in which we reluctantly begin the search for a new vehicle

We were warned about this! We were half-expecting it.

Our car didn't pass the inspection for BC auto insurance. Supposedly this is what happens when you bring a car from another province.

We drive an old (2006) Kia Spectra, which we bought two years ago when our even older (2005) Chevy Optra was hit by a careless driver and our insurance carrier dumped it. Considering its age and its 155,000 kilometres, the Kia has been very solid. Before we drove west, we brought it in for a full check-up and got everything it needed, plus new snow tires. It drove across the continent without a hiccup.

Given that, it's a wee bit hard to believe that the car suddenly needs another $3,000 in repairs. But you can't get car insurance without the inspection, so the inspectors have you over a barrel. (If you enjoy word and phrase origins, over a barrel has an interesting story.)

It would be ridiculous to put another $3,000 into this car. It's more than we paid for it in the first place! Allan wants to get a second opinion, another inspection, but I'm not hopeful. So... we are car shopping. It had to happen sometime.

Now that we're in this rugged country, I'd like to get something slightly bigger and heavier. Almost everyone in our area drives a truck or an SUV. I don't think we want to spend that kind of money, but a bigger vehicle would be very useful here.

Here goes.


Kim_in_TO said...

Part of the reason you see more SUVs is that they indeed make more sense where you're living now, but also that car manufacturers are discontinuing a lot of their sedans because of the demand for SUVs.

Do not make the mistake of thinking bigger is better - and certainly not that taller is better. I cringe every time I hear someone say, "I just feel safer in an SUV." If you get in a head-on collision, basic physics cannot be denied: the bigger vehicle is going to win. So some collision stats will show an advantage for big SUVs. But few collisions are head-on.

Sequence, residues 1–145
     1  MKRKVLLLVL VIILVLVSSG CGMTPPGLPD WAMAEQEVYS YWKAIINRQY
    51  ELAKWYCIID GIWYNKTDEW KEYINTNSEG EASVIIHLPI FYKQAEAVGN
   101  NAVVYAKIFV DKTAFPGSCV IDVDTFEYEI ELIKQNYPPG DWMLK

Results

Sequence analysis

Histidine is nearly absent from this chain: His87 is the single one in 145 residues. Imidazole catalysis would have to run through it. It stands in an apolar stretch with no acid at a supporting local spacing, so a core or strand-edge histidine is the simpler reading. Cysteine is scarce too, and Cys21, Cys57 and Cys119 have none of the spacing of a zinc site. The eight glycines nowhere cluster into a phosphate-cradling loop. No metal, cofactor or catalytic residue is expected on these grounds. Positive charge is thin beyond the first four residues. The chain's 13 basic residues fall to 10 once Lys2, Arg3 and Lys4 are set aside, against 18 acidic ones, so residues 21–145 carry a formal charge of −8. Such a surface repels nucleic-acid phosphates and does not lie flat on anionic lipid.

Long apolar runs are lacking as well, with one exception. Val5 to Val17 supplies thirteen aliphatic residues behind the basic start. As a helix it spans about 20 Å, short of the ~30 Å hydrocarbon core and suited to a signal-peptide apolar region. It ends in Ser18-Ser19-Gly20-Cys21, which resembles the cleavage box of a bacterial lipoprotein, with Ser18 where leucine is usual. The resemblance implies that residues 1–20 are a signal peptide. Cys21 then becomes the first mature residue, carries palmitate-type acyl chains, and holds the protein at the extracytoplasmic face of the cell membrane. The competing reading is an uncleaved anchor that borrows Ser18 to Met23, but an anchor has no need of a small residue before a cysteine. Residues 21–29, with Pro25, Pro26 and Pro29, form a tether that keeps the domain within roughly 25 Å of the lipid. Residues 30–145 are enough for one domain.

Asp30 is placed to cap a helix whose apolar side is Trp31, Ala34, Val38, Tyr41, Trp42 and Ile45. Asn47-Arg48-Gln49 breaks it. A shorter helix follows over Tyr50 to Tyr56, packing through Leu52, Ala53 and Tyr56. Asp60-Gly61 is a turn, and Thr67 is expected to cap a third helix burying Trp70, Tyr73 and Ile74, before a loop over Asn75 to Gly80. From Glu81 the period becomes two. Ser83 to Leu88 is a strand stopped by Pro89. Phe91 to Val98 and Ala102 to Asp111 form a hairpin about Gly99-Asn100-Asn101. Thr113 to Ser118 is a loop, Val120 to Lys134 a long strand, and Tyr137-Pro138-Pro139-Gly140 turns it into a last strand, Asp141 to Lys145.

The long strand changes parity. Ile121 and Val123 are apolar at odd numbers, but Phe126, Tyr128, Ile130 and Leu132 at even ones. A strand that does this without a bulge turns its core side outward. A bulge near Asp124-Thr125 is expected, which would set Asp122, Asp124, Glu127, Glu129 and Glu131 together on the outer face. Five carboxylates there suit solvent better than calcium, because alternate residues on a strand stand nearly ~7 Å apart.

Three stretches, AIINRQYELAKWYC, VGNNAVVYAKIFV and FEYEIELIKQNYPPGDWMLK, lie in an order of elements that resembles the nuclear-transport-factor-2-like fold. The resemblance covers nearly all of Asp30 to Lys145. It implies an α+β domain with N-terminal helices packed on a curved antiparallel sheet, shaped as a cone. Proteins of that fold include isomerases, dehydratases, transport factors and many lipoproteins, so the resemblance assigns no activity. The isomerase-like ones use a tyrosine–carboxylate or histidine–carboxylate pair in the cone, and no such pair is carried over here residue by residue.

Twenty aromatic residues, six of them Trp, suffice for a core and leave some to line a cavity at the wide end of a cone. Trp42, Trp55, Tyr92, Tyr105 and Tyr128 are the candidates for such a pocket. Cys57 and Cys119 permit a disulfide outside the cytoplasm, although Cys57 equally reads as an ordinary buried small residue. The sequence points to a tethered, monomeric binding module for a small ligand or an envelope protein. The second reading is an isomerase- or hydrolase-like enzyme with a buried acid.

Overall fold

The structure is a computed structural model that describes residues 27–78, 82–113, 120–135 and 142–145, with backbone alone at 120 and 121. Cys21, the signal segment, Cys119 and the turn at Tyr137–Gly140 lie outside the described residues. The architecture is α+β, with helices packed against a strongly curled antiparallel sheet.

There was a clever study in which drivers had to avoid an obstacle which suddenly appeared in their path. Drivers in smaller cars were able to easily steer out of the panic situation and avoid a collision, but those driving SUVs could not steer out, due to the vehicles' heavier weight and momentum (again, basic physics cannot be denied). So the truth is that collision stats are misleading because smaller vehicles are able to avoid more collisions in the first place.

I saw that someone on your FB wall recommended Subaru Crosstrek. Technically a CUV, meaning unibody construction rather than separate body-on-frame construction. Indeed a good choice, I think, for the 4WD/AWD and higher ground clearance - but the fact that it's more of a car than an SUV.

laura k said...

Thanks, Kim. We found that most sedans had been discontinued way back in 2005 when we bought our first car. I liked the larger hatchback -- room for dogs and packages/suitcases, but way smaller than an SUV.

My desire for a larger, heavier car isn't collision safety. To be honest, I never look at those stats or care about them. We just wear our seat belts and drive safely, and hopefully that is enough. And if it's not, well... I'm not going to drive a gas guzzler 365 days/year for an event that probably will never happen.

As you suggest, we now live in an area where a truck or SUV makes sense. I'll be driving on *logging roads* to some of my libraries! Many roads are gravel and pitted. Our little Kia will get eaten alive. :)

When I would park in the parking garage in Mississauga Civic Centre, I would look around and see almost all SUVs. Not a lot of rugged terrain in the Sauga!

Jay Farquharson said...

I’m a Toyota guy, when it comes to trucks and SUV’s.

You don’t need anything big, so look at small SUV’s like the RAV, and hybrid.

Most trucks and SUV’s will never have seen dirt, as a result, won’t have great tires for snow or gravel, but instead, some kind of all seasons. It’s worth spending the money on decent tires.

It’s also worth spending the money for 3M chip protector film on the front of what ever you get, a “bug shield”, ( deflects rocks up over the vehicle) and acrylic headlight protectors. Now that most headlights are one piece/custom, it’s well worth not having to pay out $$$ for a new headlight, or $$$$ for a windshield every couple of years.

laura k said...

Tires. :( We bought expensive new snow tires before we moved. *sigh*

Thanks for the tips!

laura k said...

I'd love to get a hybrid, but so far I haven't seen anything even close to affordable.

Jay Farquharson said...

You can always get a good price for good shape/low mileage winters and rims on Kajijii,